"Full Coverage" Misconception

Came across an old newspaper article today, written by local attorney Bill Lister. Below is the gist of the article that really hit home for us.

When Jennifer Thompson (not her real name) woke up in the hospital, the nurse gently reminded her that she had been involved in a car accident. 9 months of therapy and $60,000 in medical bills later, Jennifer was awaiting/ expecting a substantial settlement from an insurance company.

Along with thousands of Idahoans each year, Jennifer received a very rude awaking. The available funds for a settlement were much less than she was hoping for and felt like she deserved. Her attorney broke the bad news, letting her know that only a portion of her medical bills and lost wages would be covered and there was absolutely nothing left to pay for pain and suffering. The reason? The at-fault, drunk driver who smashed into her car only had the state required minimum $25,000 insurance policy.

Jennifer protested, "But, I have full coverage on my own car, and I know it included coverage for uninsured and underinsured motorists, like the guy who hit me!" That's when she was even more shocked to discover that her own policy had been sold to her with the state minimum limit of $25,000. Jennifer could have protected herself by purchasing sufficient uninsured AND underinsured liability limits. If she had discussed her limits and the coverages she needed with her agent, she could have ensured she would have been compensated for all of her medical bills, lost wages, and even a sizable amount for pain and suffering in the event she suffered catastrophic or crippling injuries through the fault of another.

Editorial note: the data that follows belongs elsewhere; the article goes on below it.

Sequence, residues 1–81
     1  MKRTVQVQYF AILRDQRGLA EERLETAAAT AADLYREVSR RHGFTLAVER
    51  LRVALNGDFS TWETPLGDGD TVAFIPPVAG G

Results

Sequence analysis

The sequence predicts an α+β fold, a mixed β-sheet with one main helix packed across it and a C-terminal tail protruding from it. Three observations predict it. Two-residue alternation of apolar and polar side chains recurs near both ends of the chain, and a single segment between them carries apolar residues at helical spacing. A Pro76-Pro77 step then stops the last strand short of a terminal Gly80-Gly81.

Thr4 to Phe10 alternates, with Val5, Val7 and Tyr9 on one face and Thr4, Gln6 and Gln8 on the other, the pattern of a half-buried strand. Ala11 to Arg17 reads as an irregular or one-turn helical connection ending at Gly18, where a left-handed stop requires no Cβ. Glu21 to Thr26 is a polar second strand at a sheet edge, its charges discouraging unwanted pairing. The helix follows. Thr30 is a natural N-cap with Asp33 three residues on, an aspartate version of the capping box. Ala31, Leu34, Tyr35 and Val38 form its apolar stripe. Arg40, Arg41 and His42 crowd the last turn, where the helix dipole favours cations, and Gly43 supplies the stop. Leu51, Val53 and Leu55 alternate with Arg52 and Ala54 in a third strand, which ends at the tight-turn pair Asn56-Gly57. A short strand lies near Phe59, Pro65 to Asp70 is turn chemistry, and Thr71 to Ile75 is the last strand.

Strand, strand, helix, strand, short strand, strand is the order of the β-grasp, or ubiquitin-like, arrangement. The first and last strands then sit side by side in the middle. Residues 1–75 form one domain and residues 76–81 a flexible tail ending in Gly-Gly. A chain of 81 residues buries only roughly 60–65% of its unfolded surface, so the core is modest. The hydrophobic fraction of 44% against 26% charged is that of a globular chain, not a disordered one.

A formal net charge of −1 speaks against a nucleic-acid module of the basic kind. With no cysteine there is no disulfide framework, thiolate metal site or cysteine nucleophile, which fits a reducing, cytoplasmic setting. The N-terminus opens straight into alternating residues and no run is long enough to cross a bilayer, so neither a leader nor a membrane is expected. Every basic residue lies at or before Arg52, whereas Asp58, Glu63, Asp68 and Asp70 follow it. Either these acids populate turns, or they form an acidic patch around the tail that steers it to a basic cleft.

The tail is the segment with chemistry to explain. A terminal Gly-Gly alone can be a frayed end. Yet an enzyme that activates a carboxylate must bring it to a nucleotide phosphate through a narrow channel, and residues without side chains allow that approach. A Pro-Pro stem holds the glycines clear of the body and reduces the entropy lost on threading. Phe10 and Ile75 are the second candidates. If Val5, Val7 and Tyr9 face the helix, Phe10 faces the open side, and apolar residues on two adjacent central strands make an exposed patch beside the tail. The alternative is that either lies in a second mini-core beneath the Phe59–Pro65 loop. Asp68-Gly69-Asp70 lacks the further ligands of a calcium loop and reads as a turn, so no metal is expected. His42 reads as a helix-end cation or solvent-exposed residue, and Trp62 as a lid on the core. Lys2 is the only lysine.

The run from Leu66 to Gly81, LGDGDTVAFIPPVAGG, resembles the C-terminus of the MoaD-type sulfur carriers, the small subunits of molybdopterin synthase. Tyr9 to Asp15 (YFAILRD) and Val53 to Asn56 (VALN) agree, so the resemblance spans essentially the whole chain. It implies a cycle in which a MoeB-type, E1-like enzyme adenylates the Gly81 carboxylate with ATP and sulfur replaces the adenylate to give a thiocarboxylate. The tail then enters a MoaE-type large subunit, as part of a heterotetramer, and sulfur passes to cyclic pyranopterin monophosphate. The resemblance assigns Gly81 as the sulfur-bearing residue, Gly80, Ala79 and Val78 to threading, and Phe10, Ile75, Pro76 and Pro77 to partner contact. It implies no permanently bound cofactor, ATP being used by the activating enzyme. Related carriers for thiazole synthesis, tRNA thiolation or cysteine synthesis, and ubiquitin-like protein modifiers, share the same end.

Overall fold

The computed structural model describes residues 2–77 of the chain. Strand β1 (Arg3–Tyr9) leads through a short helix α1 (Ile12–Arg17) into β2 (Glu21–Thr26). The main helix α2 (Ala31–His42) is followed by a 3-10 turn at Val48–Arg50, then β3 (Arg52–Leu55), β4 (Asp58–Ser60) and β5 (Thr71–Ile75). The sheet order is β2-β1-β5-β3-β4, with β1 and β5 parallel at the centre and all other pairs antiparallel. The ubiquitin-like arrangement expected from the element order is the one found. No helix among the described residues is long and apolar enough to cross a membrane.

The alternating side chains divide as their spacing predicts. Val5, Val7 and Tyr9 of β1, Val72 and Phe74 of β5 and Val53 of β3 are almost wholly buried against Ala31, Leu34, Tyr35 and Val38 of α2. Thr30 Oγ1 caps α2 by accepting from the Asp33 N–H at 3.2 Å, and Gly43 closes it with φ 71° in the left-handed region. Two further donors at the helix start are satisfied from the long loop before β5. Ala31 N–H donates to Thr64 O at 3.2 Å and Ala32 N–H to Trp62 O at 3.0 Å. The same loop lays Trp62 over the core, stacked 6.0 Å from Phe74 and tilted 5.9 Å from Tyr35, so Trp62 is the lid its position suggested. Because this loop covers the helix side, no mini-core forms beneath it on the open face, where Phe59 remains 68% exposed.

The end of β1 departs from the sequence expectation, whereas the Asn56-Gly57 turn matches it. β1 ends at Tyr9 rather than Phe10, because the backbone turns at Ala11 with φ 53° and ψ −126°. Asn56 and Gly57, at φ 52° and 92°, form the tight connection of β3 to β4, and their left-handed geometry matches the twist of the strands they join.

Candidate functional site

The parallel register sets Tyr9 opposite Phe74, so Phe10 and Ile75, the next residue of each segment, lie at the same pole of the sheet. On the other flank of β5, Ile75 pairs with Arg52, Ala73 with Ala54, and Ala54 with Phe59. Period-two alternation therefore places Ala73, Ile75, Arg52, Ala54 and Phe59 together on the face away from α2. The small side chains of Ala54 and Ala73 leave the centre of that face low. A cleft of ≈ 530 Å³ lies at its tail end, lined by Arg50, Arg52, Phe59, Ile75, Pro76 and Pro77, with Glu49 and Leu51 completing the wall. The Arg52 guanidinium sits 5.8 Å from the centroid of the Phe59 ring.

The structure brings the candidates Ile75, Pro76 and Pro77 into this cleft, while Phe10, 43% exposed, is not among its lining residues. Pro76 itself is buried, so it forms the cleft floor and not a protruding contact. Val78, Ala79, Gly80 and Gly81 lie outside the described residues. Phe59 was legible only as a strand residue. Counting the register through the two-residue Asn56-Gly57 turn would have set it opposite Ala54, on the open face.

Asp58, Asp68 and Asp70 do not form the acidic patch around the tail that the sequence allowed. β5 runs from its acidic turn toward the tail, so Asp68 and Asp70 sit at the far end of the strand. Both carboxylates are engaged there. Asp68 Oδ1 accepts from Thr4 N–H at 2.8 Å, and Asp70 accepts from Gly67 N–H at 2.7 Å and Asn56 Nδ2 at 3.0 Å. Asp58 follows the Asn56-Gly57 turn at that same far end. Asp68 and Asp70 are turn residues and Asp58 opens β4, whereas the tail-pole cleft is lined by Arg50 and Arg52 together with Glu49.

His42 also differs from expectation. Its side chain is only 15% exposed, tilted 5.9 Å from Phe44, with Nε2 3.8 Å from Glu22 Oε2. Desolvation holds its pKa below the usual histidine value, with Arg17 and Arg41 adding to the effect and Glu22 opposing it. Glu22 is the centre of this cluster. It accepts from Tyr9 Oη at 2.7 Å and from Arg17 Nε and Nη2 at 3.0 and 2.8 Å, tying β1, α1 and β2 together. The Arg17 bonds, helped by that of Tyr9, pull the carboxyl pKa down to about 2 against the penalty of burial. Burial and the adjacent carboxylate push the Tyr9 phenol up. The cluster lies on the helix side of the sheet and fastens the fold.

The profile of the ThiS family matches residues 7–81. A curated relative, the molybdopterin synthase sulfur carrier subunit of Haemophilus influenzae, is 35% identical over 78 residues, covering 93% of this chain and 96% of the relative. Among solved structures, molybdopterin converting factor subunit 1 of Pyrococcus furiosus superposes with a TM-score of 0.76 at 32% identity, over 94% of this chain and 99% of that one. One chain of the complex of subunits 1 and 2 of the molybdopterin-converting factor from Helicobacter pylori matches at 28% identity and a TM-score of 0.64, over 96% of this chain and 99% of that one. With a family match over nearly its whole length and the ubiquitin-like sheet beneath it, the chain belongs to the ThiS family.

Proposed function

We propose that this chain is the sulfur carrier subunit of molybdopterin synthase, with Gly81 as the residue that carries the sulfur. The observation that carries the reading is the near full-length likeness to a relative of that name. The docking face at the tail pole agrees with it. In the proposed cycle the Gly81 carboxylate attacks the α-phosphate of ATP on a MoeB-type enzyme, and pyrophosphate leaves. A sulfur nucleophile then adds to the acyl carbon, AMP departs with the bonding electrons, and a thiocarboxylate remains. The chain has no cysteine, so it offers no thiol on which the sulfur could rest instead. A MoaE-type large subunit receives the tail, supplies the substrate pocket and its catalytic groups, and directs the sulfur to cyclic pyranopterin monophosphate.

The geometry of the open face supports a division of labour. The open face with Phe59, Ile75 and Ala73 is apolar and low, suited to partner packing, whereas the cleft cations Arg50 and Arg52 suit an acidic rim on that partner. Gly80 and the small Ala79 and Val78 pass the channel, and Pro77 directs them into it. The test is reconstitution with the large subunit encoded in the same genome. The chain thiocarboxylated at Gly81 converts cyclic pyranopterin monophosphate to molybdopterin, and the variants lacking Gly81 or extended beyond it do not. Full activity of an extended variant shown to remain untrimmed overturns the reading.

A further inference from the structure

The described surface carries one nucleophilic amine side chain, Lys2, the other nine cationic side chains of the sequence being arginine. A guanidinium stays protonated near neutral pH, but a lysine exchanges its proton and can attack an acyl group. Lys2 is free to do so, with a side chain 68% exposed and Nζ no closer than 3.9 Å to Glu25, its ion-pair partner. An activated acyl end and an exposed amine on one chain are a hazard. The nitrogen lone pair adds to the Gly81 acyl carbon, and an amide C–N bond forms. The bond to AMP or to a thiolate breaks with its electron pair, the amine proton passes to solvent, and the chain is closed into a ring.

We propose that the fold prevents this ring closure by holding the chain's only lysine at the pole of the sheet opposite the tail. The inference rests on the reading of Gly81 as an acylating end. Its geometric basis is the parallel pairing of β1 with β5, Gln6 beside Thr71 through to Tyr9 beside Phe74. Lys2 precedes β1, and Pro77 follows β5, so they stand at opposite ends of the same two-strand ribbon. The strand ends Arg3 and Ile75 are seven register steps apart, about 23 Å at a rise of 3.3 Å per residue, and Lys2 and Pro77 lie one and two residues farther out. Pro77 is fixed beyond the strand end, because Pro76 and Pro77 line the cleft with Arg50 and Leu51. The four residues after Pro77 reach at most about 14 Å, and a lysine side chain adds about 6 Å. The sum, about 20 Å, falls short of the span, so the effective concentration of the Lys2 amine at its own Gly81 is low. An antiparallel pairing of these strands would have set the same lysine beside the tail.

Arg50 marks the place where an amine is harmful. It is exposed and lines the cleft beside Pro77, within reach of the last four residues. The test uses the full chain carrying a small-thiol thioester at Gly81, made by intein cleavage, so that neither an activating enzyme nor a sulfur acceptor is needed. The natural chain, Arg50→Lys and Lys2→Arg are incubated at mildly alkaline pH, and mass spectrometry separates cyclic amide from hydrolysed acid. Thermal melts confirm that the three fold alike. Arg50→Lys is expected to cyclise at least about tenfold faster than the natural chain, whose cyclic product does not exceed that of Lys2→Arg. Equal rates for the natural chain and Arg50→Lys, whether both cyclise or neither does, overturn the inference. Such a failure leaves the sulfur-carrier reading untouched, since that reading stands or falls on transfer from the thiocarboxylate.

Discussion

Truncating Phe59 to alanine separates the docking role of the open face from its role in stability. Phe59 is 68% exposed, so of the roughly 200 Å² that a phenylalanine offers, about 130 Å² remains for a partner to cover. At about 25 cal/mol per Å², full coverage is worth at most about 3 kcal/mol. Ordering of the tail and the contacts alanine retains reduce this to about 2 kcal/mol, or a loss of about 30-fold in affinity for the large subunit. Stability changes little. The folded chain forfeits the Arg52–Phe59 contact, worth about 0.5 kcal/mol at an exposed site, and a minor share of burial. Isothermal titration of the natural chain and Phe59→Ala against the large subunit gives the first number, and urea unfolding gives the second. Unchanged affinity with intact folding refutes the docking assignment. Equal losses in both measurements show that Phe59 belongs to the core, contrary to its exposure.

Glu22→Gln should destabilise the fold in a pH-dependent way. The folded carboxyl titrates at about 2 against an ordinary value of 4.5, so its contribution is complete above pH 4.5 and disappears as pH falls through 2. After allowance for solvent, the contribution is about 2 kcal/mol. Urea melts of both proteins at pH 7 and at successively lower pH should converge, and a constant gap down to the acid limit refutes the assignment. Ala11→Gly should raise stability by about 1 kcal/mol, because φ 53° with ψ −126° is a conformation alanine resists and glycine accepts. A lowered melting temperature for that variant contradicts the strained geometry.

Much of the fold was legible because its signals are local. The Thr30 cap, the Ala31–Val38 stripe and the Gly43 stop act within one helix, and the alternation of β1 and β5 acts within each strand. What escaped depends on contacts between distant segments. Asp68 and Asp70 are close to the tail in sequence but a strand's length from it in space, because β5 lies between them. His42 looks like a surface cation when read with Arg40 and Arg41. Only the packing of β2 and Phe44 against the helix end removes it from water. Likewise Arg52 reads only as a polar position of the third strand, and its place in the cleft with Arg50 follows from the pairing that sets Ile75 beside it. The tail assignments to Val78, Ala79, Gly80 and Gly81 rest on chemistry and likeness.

The good news for you reading this, is that you can make sure you are properly covered. For just a few more dollars a month, you can raise your crucial underinsured policy coverage from $25,000 up to $300,000 or more. Don't fall for the misconception of "full coverage", or you may be in for the same shock as Jennifer was. Just because you indeed have full coverage does not mean you have adequate coverage to protect yourself. State minimums of liability coverage may constitute "full coverage". However, this is the equivalent of buying full coverage on your house if it burns down, but in amounts sufficient only to cover the garage.

We strongly encourage every driver to raise their limits of liability today, along with their uninsured and underinsured limits to fully protect themselves.

If you were hit by that drunk driver with the state minimum $25,000 policy, and seriously injured/ crippled, how much insurance are you going to wish you had to, help put your life back together?

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